Well, today is the first day of my summer and I am working on a schedule and a plan for the weeks. The relaxation I spoke of in my last post is something to ponder for another time. I do want to build in some down time each day and I still have plans for the summer. However, another option has presented itself over the weekend that I want to manage. I am working through that at the moment. More on that as it transpires. I am not sure what I even have here today, but I do know that the weekend concert was a really significant event for me. It brought back childhood memories; it reminded me of our humanness and how we often take things for granted. No voice when you are a singer is an issue and Art Garfunkel picked himself up and did not quit. There is a lot to say about that. It is always interesting when we are hit with things that create substantive changes or require us to carefully consider our humanity.

Thanks as always for reading.

Michael

When does one relax?

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Hello from my office,

I have finished grading for the semester and turned in those grades, I have managed a couple of items that need to be managed to get ready for the summer and I actually have a bit of time where I could relax (whatever that means) and perhaps merely take some downtime. However, as soon as I consider such a prospect, I feel guilty. Why is that? Why is it not okay to take some time for myself? Is it because I struggle with ever doing things well enough? Is it because I generally feel that there is so much more that I “should” be doing? These are larger questions, and while they are related to the simpler questions or necessary things at the moment, they certainly do inform the larger questions of when have I done enough? What is enough? Who decides? I do feel like I should be getting even more organized and doing more work. Perhaps it is because sometime I merely seem to putz around with things. I get little things accomplished, but nothing of substance. I must admit, getting my tenure work done second semester was more than something small, but I just about had a meltdown doing that. Is it because I am older and I do not feel like I have as much time left?

I was chatting a bit about retirement the other day, but I am not even sure what I think about such a possibility. I told them I would probably drive myself crazy sitting around. I got at least a taste of that the fall of 2012 when I was on a medical leave from school. I realize the bigger issue for me is  simply priorities. I need to get certain things done and it is not a question of if: it must be done; second it is not a question of when: it is now. That pretty much prioritizes it. I think there is a certain irony because that task or need of which I am speaking is that I need to write. I am, of course, ironically, writing here, but it is the sort of writing that is about publication. I do have some things done, but I feel so inadequate about the quality of them. I am feeling better about the one about the program because I do believe that there are things there that set the professional writing program here and the process apart from most other programs. It has been pretty successful and I think that is because I have amazing support in the department and at the college level. I think that actually goes up to the Provost’s office, but I think it is a really significant thing.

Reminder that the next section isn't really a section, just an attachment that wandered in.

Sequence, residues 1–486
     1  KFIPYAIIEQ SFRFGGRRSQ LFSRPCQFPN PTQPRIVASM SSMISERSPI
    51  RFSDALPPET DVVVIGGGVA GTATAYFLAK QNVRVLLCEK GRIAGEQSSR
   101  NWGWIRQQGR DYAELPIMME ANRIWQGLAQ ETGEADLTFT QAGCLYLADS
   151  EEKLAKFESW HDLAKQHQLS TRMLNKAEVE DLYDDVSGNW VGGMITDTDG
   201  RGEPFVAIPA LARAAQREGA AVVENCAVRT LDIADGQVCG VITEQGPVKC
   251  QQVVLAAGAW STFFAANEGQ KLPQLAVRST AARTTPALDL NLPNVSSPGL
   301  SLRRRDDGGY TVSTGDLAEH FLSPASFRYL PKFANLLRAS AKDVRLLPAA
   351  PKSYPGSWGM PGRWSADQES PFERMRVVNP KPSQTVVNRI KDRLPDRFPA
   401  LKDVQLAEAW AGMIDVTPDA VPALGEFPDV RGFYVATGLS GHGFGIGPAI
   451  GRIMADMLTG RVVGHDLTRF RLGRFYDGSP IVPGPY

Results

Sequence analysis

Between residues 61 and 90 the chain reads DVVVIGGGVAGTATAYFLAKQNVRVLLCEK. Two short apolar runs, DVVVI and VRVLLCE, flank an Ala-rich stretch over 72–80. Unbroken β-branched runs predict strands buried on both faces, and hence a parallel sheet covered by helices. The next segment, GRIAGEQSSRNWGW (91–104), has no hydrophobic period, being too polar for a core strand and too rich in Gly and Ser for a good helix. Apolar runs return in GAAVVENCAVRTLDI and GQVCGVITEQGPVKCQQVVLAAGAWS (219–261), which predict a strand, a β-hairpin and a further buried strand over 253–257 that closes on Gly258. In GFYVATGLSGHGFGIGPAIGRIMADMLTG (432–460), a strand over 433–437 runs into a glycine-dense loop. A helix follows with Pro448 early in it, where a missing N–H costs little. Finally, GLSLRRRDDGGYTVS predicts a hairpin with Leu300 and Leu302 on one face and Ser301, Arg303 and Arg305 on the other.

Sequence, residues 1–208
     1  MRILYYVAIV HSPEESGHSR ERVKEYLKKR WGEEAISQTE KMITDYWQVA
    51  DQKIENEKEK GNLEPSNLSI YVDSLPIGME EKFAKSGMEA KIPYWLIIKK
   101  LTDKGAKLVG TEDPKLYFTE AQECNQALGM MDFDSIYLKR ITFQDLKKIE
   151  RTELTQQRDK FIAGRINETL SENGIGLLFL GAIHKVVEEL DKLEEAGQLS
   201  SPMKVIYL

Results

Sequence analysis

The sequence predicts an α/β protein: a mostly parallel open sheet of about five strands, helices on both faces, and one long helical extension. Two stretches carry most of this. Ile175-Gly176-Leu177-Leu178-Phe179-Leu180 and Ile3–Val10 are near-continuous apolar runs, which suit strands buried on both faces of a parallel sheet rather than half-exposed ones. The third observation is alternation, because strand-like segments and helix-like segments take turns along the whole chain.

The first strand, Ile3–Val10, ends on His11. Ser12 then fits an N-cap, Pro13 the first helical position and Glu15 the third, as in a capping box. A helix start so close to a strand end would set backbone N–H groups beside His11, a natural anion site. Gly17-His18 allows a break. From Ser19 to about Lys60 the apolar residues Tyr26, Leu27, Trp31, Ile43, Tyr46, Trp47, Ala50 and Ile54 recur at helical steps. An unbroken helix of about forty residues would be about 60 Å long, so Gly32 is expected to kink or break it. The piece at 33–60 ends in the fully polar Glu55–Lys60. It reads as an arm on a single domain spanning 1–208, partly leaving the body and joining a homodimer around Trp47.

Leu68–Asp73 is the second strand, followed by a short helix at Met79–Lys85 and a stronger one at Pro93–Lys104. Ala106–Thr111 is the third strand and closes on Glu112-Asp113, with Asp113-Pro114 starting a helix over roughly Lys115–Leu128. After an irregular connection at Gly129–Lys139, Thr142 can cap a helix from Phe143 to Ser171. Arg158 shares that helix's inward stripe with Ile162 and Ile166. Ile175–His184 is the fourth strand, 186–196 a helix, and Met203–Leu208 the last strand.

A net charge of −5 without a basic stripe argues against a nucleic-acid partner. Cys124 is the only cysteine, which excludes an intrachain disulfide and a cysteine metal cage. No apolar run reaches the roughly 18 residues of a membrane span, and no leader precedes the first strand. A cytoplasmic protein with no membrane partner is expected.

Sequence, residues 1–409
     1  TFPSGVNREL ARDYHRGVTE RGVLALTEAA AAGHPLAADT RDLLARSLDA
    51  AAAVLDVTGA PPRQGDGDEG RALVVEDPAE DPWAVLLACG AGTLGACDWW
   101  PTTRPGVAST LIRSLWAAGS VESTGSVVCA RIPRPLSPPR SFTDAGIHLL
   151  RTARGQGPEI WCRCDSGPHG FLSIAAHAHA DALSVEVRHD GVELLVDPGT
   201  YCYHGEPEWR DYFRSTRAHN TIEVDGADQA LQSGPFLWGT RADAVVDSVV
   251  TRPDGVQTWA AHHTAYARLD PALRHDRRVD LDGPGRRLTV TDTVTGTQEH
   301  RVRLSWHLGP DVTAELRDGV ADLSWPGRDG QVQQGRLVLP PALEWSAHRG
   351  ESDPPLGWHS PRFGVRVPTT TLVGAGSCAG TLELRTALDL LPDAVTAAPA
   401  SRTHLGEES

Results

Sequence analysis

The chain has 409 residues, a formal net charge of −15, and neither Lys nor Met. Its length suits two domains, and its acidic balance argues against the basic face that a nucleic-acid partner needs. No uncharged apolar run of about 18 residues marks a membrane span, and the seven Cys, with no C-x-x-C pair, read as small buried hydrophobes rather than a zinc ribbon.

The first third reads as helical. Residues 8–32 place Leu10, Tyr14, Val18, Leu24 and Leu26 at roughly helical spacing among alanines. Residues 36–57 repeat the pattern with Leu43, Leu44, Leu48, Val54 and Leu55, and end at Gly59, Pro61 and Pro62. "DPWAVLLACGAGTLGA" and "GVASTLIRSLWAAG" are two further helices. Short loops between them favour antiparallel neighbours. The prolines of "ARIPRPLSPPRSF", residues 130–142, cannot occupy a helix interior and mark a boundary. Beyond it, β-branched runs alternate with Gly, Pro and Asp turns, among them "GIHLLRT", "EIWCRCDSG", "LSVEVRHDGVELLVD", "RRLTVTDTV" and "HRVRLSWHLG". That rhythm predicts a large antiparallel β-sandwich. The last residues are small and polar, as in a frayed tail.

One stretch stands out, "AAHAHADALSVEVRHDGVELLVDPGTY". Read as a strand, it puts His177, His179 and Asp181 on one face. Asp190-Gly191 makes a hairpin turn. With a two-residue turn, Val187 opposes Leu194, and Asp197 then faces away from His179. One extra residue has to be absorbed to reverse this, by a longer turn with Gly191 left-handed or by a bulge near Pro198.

As I have been working in my office this morning, once again I have been checking things off the list. One of the things I did was write a recommendation for a former student, a long-past former student. She is actually going back to the very program I was in. She is one of the most outstanding students I have ever known and I did not even have her in class. However she hung out with a number of the graduate students in the RTC program and she was exceptionally intelligent, and it did not hurt that she had an amazing wit and a total sense of irreverence. It was really a joy to write that recommendation. Sometimes we get asked to write ones that are a bit more difficult. I am always pleased when really committed students do well. I get almost as much out of their success as they do. That happened with another student this week as grades have come out. Dean’s List is no small accomplishment and with only a bit more hard work, I believe that graduating with honors should certainly be attainable. I did not do that in my undergraduate. I was close, but a Physiology and Anatomy course, which was a med school weed out course, and one which I took for “something to do”, doomed that chance for me. While I do not really regret it now, I sure did at the time.

I remember once telling a counselor that I double-majored, double-minored, worked 20 hours a week, did not do summer school and graduated in four years with a 3.74 (we needed a 3.75 for honors) and he asked if I thought that was normal. I said, “certainly.” He said, “probably not.” I did not think about it as any sort of abnormal thing, it was merely what I needed to do to accomplish what I had set out to do. Graduating with a major in History/Humanities and a minor in German/Religion was a far cry from thinking about working cutting hair once upon a time. I think of Lee and Judy Swenson in Newton, Iowa, my first host family when I was on the Lutheran Youth Encounter team. It has been an interesting journey since that summer of 1978. Interestingly, one of their children, who was four when I first met her is now a college professor also.

I guess the more important thing for me is to figure out how to manage the life I have. What happens when we find we are older than we thought (whatever that means)? What is old again? I have begun to believe Lydia is old, but I do not think I will ever make it to 90. I am not sure I want to do that seeing what I have saw over the past 3+ years. What I have had to ponder again is how do I manage the life I have. I have been told many times I am a miracle from the beginning I had. I guess that is true. But when it is your life, you merely manage what you have. When you learn things about your background or your life that have long-term consequences, it might be easy to blame or be angry, but I learned long ago that such anger is really bitterness and I have no time for such behavior.